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View Full Version : [ubuntu] Install fails with dual boot



spoorf
June 8th, 2009, 11:02 PM
I am installing UBUNTU 8.10 on several PCs. The problem occurs on a system with a SATA controller with drive 0 powered off via BIOS and drive 1 active. the partitioning chooses a USB drive for the install and seems to proceed normally. However, the dual boot flashes across the screen too fast to read and the XP system has some damage, also the UBUNTU system cannot be booted. When I bring up GPARTED I see drive 0 partitions. How does it know what the partitions look like on a powered off drive? Also, the partitioning left my Norton Ghost backups on the USB drive unusable. I have an extra SATA drive that I can replace the bad drive with and move the XP drive to slot 0. Will that fix the problem? (I have recovered the USB drive and will give UBUNTU its own SATA drive)

:) S.

dstew
June 9th, 2009, 09:16 PM
I doubt that your BIOS really disconnects the power from the SATA drive. It probably just bypasses it, or doesn't register it as active. When Linux boots, it ignores the BIOS and accesses the hardware directly, so it will see the drive, even if the BIOS has it "turned off".

Regarding the boot menu going by too fast, this can be fixed. It usually happens because the Ubuntu installation process did not recognize the Windows system as an operating system, and so it tries to boot Ubuntu directly without giving you the choice of operation systems that you usually would see. Try hitting 'esc' over and over during the attempted boot and see if you get a menu. Otherwise, you can boot a Live CD and edit the /boot/grub/menu.lst file that was installed on your hard disk. That is a bit tricky, because you have to mount the hard disk and navigate to the file, but it can be done.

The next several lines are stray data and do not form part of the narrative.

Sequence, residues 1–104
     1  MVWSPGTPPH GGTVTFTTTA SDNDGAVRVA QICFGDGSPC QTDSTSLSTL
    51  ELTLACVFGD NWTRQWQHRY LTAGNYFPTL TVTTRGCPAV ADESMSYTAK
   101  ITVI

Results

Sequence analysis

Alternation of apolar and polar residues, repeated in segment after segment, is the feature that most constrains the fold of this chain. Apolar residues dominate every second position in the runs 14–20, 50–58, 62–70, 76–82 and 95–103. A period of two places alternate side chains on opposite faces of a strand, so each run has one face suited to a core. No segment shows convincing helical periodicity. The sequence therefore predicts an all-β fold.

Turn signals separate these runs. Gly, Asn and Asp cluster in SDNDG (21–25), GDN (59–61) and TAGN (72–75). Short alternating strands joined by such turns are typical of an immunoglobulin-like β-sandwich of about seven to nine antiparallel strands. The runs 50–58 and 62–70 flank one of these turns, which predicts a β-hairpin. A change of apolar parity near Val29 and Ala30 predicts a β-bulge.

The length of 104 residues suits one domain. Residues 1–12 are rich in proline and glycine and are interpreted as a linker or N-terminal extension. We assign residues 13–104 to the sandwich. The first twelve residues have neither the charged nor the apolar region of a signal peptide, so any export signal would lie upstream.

If you re-partitioned a disk, any files on it will no longer be accessible, so your Norton backups are probably gone. There are ways to try to recover deleted partitons, but it is not simple.

As far as moving disks around, you should install Ubuntu into the system with it configured exactly as you want it to be when you use Ubuntu. Do not try to "protect" your drives by unplugging them, or removing them. This will result in a mis-configured Ubuntu install. You should leave the disks in, bad disk and all.